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2017/18 Undergraduate Module Catalogue

CLAS3890 The City in the Roman World

20 creditsClass Size: 37

Module manager: Dr P J Goodman
Email: P.J.Goodman@leeds.ac.uk

Taught: Semester 1 View Timetable

Year running 2017/18

This module is approved as a discovery module

Module summary

This module is suitable for Level 2 or 3 students with some basic knowledge of the Roman world. It traces the origins and development of cities in the Roman world, asking what contributions both the Roman state and local peoples made to the process, and to what extent cities in different parts of the empire expressed or generated a common 'Roman' identity.

Objectives

This module will enable students to:
• analyse and discuss the character of Roman urbanism and the factors which shaped it
• develop familiarity with the physical remains of various specific Roman cities and their particular local social and political context
• explore the contribution which the study of Roman urbanism can make to our wider understanding of ancient society and politics
• engage with modern scholarly debates on topics such as cultural interaction, the relationship between text and material culture and the relationship between the past and the present.

Learning outcomes
On completion of this module, students are expected to be able to demonstrate:
• a knowledge of the major social and political factors which shaped the character of Roman urbanism
• a familiarity with the physical remains and particular local social and political context of a number of specific Roman cities
• a knowledge of the range of textual, visual and archaeological primary evidence which can be used to understand Roman urbanism
• an understanding of the strengths and weaknesses of the primary evidence
• an ability to perform close critical analysis of the primary evidence
• a knowledge of major scholarly viewpoints and debates in the field of Roman urbanism
• an ability to engage critically with the major scholarship on the subject
• an ability to construct reasoned and well-supported arguments
• an ability to communicate effectively in seminar classes, written assignments and under exam conditions
• good time management and IT skills


Syllabus

For the Roman elite, the ideas of civilisation and of the city were inseparable. Cities were essential centres for government and administration, for displays of status, and for economic exchange. But how had they developed in the first place, who had shaped the process, and how were they actually used by their inhabitants? This module will trace the origins and development of cities in the Roman world, examining the contributions made by both local peoples and the Roman state. We will familiarise ourselves with urban layouts and buildings, and use the physical fabric of the cities to help us understand the activities which went on within them. We will also set individual cities into the wider context of the Roman empire, looking at their interactions with one another and thinking about how we should interpret the physical similarities and differences between them. The course will close by tracing the legacy of Roman urbanism into the late antique period and in modern urbanism.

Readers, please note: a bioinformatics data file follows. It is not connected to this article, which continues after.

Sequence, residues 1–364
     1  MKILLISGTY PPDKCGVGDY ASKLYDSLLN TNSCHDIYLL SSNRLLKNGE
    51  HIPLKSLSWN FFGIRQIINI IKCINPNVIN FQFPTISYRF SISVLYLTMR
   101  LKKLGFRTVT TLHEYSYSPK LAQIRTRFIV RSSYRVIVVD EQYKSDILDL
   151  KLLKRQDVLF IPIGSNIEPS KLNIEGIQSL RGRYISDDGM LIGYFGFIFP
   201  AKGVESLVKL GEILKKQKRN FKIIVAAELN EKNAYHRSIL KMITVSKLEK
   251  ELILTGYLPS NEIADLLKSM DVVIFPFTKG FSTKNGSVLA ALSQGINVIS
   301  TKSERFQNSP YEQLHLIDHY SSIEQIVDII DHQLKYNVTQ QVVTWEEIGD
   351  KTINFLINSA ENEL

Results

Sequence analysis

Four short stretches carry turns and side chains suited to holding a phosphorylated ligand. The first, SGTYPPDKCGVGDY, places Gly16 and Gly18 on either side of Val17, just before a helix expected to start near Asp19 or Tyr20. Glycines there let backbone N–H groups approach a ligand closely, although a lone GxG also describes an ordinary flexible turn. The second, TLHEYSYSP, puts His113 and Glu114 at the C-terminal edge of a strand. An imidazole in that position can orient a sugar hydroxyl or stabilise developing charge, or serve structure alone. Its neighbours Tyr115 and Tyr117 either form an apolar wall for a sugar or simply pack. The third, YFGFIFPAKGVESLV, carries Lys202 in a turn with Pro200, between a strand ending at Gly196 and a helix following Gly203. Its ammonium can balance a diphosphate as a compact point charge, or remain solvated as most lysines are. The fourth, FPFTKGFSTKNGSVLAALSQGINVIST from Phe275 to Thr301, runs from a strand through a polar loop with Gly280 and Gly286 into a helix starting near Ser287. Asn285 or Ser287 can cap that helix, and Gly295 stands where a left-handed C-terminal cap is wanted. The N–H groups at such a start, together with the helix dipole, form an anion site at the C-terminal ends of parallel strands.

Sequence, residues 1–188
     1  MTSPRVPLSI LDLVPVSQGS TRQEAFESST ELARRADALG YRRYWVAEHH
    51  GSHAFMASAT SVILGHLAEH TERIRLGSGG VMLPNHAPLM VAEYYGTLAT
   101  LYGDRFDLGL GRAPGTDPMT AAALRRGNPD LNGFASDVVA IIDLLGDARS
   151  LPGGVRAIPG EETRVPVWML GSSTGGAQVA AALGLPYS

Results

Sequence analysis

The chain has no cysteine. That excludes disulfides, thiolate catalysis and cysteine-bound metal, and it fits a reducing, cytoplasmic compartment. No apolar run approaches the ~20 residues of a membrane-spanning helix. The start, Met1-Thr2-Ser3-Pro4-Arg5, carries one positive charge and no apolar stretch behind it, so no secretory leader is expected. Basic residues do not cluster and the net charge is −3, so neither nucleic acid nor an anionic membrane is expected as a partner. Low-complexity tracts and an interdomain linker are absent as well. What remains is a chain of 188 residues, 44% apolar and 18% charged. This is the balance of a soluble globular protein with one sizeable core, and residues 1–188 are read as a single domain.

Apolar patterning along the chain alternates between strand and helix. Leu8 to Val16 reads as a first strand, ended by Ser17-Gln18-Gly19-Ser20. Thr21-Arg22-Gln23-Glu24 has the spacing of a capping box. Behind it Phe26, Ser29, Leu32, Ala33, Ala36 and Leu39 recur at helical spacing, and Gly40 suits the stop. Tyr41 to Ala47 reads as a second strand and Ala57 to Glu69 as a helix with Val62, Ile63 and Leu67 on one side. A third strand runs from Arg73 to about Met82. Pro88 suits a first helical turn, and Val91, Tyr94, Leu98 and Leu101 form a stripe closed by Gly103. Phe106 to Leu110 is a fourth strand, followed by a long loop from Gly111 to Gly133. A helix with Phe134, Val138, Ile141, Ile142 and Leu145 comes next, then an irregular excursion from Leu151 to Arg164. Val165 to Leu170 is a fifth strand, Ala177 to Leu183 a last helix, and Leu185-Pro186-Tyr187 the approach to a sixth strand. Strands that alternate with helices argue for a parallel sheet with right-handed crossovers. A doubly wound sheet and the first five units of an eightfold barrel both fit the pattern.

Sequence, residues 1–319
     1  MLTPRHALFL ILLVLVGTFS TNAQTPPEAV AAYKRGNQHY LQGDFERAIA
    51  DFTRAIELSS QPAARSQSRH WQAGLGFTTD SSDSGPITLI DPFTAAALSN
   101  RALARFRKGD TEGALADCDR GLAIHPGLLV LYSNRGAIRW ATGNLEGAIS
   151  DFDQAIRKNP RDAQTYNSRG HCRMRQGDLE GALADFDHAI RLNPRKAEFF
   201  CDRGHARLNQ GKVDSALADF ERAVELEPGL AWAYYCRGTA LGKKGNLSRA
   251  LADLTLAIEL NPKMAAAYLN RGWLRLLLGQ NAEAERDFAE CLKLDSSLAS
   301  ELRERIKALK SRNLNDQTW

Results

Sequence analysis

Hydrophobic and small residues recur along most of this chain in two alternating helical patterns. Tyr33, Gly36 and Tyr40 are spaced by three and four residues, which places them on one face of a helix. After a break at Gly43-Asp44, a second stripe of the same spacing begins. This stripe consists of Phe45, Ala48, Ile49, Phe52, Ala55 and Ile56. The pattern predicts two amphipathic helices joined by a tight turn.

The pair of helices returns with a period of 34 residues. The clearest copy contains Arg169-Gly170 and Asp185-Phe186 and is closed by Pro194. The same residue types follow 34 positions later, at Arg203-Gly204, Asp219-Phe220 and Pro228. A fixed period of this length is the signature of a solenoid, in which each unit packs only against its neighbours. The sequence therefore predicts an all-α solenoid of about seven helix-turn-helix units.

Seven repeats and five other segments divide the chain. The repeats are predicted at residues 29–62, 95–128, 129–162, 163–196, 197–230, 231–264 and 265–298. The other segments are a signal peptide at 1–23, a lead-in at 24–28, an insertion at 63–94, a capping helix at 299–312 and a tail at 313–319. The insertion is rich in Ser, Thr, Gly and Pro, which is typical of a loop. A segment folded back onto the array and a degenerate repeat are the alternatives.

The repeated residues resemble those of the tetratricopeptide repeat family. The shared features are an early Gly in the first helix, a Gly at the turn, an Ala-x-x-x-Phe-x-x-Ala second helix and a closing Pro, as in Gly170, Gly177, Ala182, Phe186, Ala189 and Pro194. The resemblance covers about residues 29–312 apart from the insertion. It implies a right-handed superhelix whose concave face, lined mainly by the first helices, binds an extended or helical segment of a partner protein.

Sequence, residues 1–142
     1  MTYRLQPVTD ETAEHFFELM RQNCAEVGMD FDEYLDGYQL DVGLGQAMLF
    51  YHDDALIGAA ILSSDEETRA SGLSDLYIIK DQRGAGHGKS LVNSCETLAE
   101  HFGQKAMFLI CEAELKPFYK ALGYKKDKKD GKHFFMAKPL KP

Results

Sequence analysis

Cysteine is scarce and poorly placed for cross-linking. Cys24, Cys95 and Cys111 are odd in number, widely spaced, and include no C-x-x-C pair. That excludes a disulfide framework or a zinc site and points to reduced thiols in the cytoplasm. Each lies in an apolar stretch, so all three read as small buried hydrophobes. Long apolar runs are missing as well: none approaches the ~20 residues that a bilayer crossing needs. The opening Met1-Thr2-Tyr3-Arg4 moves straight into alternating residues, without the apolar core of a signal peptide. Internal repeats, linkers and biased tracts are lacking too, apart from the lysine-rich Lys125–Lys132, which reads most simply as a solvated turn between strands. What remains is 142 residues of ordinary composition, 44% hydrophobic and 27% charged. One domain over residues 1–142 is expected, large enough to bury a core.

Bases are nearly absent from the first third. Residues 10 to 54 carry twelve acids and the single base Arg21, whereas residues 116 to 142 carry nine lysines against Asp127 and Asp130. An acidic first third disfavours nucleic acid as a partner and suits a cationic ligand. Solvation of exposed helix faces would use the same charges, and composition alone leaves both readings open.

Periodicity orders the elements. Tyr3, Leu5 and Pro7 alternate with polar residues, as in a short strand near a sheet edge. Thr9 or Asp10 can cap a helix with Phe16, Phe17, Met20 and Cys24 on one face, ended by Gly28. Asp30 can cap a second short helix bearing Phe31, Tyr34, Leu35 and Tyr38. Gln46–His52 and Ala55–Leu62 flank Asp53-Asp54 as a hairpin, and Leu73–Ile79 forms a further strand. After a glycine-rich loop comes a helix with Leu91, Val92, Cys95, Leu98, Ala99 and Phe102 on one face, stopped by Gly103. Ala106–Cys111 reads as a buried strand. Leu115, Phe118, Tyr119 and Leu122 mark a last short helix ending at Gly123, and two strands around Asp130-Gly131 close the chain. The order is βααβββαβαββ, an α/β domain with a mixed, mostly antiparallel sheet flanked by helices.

Teaching methods

Delivery typeNumberLength hoursStudent hours
Lecture151.0015.00
Seminar51.005.00
Private study hours180.00
Total Contact hours20.00
Total hours (100hr per 10 credits)200.00

Private study

The 178 hours of private study and independent learning on this module comprise:
- 3 hours reading for each of the 15 lectures = 45 hours
- 11 hours reading / note-taking for each of the 5 seminars = 55 hours
- 40 hours spend researching and writing the assessed essay
- 38 hours revising for the exam

Opportunities for Formative Feedback

Student progress will be monitored:
• at an informal level through class contact hours and especially in seminar classes by the module tutor
• at a formal level, through the assessed coursework and end-of-module examination
Students will also be encouraged to attend the module convenor’s drop-in hours to discuss the module content or draft essays, or to request further clarification of feedback already provided on assessed coursework.

Methods of assessment


Coursework
Assessment typeNotes% of formal assessment
Essay2500 words50.00
Total percentage (Assessment Coursework)50.00

Normally resits will be assessed by the same methodology as the first attempt, unless otherwise stated


Exams
Exam typeExam duration% of formal assessment
Standard exam (closed essays, MCQs etc)2 hr 00 mins50.00
Total percentage (Assessment Exams)50.00

Normally resits will be assessed by the same methodology as the first attempt, unless otherwise stated

Reading list

The reading list is available from the Library website

Last updated: 26/04/2017

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